Walking in her shoes – A Biological Mum’s perspective.

They say you don’t know what it is like for someone else until you walk a mile in their shoes. I have often wondered what the Out of home care system would look like if we all ‘swapped’ roles for a day. If a foster carer could stand in as the magistrate. If the Social worker could be a foster child. If a magistrate could live a day as a foster carer! I wonder if there would be any changes to the system if we really understood what it was like for others to live amongst this chaos.Image may contain: shoes

While running an experiment like that mentioned above isn’t within my capacity, I have been able to gather people’s stories who have a different experience within the out of home care sphere.

Over the next month I will be sharing these stories with all of you. My hope is that by ‘walking’ in someone else’s shoes, even for just a few minutes, we may have our eyes opened to a side of the story that we don’t think about often. Perhaps it will start a conversation that is empathetic and compassionate. This is a complex problem. With no simple solution.

So often in Foster Care we can ‘other’ or demonise the biological parents. Without meeting them and having to ‘pick up the pieces’ of their child’s emotions, literally making their children clean and building trust with a child who may never have learnt to rely on an adult, we can paint a pretty horrid picture of those who were meant to keep the child safe.

Children very rarely come into care after just one incident. Often it is a series of events that leads to the climax of kids being removed from their homes and taken to live with strangers. Just as it is a series of events that lead to kids getting removed, it is a lifetime of events, bad choices and often generational disadvantage that leaves a biological parent without the capacity to take care of their children.

In my community worker role I had the opportunity to work with and get to know mums that I may not have met in my day to day life. I have asked one of these mums to share her story of when her children were removed from her and her partner and what happened after that.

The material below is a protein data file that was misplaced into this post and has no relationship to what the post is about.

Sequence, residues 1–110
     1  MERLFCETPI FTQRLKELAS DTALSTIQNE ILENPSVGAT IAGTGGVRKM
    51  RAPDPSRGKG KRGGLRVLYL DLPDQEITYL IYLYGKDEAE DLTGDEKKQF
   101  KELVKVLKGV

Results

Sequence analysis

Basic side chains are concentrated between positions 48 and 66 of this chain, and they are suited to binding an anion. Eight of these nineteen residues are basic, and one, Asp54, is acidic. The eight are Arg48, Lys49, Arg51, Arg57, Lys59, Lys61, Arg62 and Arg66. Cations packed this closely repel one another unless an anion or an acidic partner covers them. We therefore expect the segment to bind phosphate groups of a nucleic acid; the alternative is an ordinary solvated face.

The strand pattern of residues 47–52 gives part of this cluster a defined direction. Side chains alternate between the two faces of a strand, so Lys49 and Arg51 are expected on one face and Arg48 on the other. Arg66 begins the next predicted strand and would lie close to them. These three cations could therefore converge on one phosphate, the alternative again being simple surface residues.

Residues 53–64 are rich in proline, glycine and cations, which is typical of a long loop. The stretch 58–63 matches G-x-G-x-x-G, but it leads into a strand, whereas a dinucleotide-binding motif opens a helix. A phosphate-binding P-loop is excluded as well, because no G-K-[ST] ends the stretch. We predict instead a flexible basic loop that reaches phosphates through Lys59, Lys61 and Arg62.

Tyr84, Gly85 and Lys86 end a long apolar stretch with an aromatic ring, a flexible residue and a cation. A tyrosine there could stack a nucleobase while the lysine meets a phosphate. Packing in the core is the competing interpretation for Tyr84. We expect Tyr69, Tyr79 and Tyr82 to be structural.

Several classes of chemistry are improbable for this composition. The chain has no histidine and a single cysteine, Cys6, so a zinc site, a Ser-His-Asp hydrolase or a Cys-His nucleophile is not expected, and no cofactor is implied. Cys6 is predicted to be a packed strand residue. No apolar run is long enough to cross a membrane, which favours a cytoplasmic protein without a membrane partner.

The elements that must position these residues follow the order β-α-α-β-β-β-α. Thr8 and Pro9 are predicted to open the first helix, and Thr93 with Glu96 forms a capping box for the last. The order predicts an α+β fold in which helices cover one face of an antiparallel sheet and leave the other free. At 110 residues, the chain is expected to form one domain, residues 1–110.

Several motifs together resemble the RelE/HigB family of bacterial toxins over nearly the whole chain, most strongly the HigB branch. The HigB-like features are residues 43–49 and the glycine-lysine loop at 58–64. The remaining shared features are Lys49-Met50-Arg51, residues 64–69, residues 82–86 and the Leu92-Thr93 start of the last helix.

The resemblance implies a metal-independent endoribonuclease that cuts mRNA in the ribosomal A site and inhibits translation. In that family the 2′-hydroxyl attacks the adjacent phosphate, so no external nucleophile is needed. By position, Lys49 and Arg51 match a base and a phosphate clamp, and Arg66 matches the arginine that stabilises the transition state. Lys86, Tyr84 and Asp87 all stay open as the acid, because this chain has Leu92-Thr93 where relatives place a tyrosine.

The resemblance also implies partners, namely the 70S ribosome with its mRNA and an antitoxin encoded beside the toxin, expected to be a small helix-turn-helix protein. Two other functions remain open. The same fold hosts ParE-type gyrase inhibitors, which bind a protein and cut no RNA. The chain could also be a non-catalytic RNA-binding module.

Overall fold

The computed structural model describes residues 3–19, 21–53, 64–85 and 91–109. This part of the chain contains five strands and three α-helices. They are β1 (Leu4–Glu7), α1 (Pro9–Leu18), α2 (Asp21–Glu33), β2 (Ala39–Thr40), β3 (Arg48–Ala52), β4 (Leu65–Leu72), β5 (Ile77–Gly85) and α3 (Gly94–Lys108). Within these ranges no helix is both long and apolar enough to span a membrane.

*There have been edits to the spelling and sentence structure to help the reader but the story has not been impacted.

Can you tell me a little about the circumstances, whatever you are comfortable with, that led you to your children going into foster care?

Before they went in to foster care I did ask for help because i was struggling at the time but I was smoking marijuana so that mad it hard on the people who tried to help because I could not accept the help. We also had a lot of people come and going at all hours and the other half was not very helpful at the time because he just had an accident  that year before so the company had to report us to dcp. 

Who told you that you they would be going into foster care? Did you get information about who they were with or how often you would see them?

DCP just rocked up one morning with the police and said that they are removing the children from our care we could not see them for a week after that it was the most hardest time of our life.

Did you understand what you needed to do to have your children returned to you? Was there support from the department or other agencies to help you navigate the system?